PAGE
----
Sunday, April 8, 2012

The Willys-Overland Paintings, Part Three, James Sessions

Part Three of the Willys-Overland Paintings brings us to the best known of the artists who was commissioned by Willys to illustrate a series of ads that were run starting early in the war about 1942. Willys already knew that it was to be able to bank on the jeep for its continued success after its military contract expired and it needed to get the word out to the civilian world as well. What better way to do that than to illustrate the countless stories being heard and newspapers read all over the barber shops, waiting rooms, bars, dinner tables, schools and homes across the country? James M. Sessions was the most prolific of the four artists and consequently seems to be the best known nowadays. His work in the ads appeared everywhere, The Saturday Evening Post, Newsweek, Colliers, LIFE, Look and so on. It served to bring to life what people had been reading and hearing about overseas, that the fighting men of the Allies were winning with the help of the mighty jeep. I was planning on giving you all of the Sessions ads today, but decided to break it up a bit more. Today we’ll have the war themed work, next week we’ll have the peace-time home front work and lastly, a special little seen treat of Sessions’ work. I’m not sure if I have the entirety of his work yet. I haven’t Fred Coldwell’s excellent book, “Selling The All-American Wonder” to reference and here are two small thumbnails of work that exists but that I do not yet have.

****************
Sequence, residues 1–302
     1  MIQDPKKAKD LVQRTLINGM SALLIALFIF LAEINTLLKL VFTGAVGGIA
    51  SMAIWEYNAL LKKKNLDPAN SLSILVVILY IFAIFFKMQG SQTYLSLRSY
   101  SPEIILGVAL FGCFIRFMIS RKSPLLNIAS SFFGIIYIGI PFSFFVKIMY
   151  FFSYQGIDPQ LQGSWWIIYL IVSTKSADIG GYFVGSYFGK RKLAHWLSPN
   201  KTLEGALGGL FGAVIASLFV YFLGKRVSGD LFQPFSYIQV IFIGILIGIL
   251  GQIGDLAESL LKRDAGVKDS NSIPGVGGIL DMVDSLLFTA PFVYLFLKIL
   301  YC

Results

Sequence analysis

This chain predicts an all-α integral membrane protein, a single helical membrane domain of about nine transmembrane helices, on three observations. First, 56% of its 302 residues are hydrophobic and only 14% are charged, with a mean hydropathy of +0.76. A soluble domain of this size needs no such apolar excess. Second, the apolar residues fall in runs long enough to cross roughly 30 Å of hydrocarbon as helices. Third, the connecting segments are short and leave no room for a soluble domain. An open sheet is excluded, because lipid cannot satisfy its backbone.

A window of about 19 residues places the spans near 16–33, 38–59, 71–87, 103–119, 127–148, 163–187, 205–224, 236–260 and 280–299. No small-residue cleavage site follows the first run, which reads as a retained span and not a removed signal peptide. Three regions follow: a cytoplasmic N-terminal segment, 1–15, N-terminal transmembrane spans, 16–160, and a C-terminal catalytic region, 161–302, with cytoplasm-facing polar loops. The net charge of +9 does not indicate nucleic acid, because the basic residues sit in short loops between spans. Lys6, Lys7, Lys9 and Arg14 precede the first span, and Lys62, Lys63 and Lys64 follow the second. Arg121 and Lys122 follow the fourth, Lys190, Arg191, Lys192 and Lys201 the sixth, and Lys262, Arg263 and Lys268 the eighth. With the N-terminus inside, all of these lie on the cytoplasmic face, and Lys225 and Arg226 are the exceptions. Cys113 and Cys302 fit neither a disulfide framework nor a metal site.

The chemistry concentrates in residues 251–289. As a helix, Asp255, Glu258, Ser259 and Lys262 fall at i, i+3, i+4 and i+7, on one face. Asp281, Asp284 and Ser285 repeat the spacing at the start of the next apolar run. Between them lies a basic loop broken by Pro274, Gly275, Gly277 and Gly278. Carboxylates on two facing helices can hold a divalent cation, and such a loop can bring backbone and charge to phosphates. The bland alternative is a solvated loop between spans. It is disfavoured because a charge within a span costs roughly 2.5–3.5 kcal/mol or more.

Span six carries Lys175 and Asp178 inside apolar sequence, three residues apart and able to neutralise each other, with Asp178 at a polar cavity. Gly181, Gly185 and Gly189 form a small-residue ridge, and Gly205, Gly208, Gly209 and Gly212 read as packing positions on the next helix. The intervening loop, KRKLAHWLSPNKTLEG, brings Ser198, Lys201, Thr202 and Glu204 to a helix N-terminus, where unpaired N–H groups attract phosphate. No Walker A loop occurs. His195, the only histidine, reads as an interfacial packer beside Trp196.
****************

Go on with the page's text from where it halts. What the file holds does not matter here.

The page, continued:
Ad on top shows an alternate version of the caption that I have and commonly see, “The Sun Never Sets On The Willys Jeep.” Ad on the bottom is a humorous jab by Sessions that I’ve enjoyed but have rarely seen. The caption reads “To Adolph With Best Wishes From Willys-Overland Men.” Click here to view the entire album of his work. Enjoy and have a happy Easter today!

Sunday, April 1, 2012

The Willys-Overland Paintings, Part Two, John Howard

Continuing with part two this week of the all new Willys-Overland Paintings section, we have the illustrator, John Howard. Commissioned to produce a series of now famous ads for what Willys-Overland envisioned as a public introduction of the new civilian jeep these ads became probably the best known examples of jeep advertising. They are classic forms of the golden age of advertising before Photoshop and the computer, when many freelance artists were making a great living producing drawings and paintings for the advertising market. Howard, whom I can’t find anything about online (anyone have any info on the man?) produced works of art that deviated from what Sessions, Horndorf and Clark made. Howard instead of concentrating on realistic scenes, created allegorical and fanciful depictions of the ‘heart’ of the MB, jeeps encircling the world and what must irk Bantam enthusiasts nowadays, the insistence that Willys and the jeep were linked together as one in people’s minds on the world stage. Click on the thumbnails to view the individual ads or here to view the full albums of all the artists’ work. Come back next week when we’ll concentrate on the best known of the illustrators, James Sessions. The next week will bring part four and a treat of a direct to consumer advertising special!